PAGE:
* Consistently rated amongst the world's best universities, Imperial College London is a science-based institution with a reputation for excellence in teaching and research that attracts 14,000 students and 6,000 staff of the highest international quality. Innovative research at the College explores the interface between science, medicine, engineering and business, delivering practical solutions that improve quality of life and the environment - underpinned by a dynamic enterprise culture.
Since its foundation in 1907, Imperial's contributions to society have included the discovery of penicillin, the development of holography and the foundations of fibre optics. This commitment to the application of research for the benefit of all continues today, with current focuses including interdisciplinary collaborations to improve global health, tackle climate change, develop sustainable sources of energy and address security challenges. In 2007, Imperial College London and Imperial College Healthcare NHS Trust formed the UK's first Academic Health Science Centre. This unique partnership aims to improve the quality of life of patients and populations by taking new discoveries and translating them into new therapies as quickly as possible.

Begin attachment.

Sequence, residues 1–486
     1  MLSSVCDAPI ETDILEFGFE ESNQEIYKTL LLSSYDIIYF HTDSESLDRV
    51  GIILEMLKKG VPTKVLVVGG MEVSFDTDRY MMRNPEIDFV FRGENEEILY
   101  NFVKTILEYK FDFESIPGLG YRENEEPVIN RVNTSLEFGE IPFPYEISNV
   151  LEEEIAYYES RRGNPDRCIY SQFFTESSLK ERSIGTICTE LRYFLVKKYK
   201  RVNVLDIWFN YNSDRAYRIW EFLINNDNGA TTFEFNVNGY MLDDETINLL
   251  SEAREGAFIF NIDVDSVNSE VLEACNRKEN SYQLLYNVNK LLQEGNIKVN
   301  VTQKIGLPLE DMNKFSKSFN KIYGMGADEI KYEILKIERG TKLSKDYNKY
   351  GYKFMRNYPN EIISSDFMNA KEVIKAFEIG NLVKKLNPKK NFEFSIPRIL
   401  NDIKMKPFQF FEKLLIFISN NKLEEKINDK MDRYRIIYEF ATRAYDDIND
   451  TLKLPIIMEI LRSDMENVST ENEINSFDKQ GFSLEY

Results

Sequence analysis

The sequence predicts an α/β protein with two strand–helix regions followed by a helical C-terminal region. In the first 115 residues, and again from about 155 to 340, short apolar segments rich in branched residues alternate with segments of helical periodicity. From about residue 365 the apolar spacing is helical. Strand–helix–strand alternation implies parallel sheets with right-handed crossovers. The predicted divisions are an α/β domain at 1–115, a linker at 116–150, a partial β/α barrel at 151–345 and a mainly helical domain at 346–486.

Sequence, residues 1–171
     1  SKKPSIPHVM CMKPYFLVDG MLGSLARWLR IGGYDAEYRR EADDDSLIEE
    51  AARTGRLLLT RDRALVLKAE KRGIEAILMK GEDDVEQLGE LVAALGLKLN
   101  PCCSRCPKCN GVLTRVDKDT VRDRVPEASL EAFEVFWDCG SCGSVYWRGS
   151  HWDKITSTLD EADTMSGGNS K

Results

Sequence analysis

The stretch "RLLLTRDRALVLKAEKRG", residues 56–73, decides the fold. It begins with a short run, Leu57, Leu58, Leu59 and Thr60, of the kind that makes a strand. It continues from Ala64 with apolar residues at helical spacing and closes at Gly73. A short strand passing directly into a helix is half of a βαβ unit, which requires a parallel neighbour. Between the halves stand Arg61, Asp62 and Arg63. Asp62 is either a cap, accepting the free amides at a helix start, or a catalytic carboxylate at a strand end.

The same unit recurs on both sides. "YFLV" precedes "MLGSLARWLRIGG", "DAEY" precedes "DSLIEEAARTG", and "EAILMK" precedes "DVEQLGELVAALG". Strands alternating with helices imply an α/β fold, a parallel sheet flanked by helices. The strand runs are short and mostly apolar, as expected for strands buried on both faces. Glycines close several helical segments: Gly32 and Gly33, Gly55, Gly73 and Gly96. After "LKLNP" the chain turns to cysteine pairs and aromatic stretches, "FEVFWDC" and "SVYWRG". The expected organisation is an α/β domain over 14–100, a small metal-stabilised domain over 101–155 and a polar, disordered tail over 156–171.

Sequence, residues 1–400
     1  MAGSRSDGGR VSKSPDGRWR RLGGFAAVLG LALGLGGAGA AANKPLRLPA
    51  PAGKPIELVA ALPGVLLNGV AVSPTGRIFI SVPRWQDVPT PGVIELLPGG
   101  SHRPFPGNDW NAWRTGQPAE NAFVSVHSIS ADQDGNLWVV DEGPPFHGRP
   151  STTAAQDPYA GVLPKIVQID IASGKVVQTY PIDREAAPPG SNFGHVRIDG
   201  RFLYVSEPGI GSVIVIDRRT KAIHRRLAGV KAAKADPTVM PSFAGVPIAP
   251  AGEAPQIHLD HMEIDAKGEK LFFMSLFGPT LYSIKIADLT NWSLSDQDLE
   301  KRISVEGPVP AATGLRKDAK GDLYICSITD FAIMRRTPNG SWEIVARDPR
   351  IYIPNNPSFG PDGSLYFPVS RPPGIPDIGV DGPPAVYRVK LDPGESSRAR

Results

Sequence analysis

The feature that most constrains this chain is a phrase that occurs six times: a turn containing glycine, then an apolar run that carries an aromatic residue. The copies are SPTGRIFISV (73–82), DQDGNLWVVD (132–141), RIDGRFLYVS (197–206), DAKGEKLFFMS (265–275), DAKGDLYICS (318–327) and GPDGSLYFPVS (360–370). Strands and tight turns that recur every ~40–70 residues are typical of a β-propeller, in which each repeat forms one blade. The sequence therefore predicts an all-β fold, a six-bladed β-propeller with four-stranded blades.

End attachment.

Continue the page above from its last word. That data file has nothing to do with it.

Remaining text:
* Over the past century, The Medical Research Council has been at the forefront of scientific discovery to improve human health. Founded in 1913 to tackle tuberculosis, the MRC now invests taxpayers' money in some of the best medical research in the world across every area of health. Twenty-nine MRC-funded researchers have won Nobel prizes in a wide range of disciplines, and MRC scientists have been behind such diverse discoveries as vitamins, the structure of DNA and the link between smoking and cancer, as well as achievements such as pioneering the use of randomised controlled trials, the invention of MRI scanning, and the development of a group of antibodies used in the making of some of the most successful drugs ever developed.
Today, MRC-funded scientists tackle some of the greatest health problems facing humanity in the 21st century, from the rising tide of chronic diseases associated with ageing to the threats posed by rapidly mutating micro-organisms. www.mrc.ac.uk
The MRC Centenary Timeline chronicles 100 years of life-changing discoveries and shows how MRC research has had a lasting influence on healthcare and wellbeing in the UK and globally, right up to the present day. www.centenary.mrc.ac.uk
* The Wellcome Trust is a global charitable foundation dedicated to achieving extraordinary improvements in human and animal health. It supports the brightest minds in biomedical research and the medical humanities. The Trust's breadth of support includes public engagement, education and the application of research to improve health. It is independent of both political and commercial interests. www.wellcome.ac.uk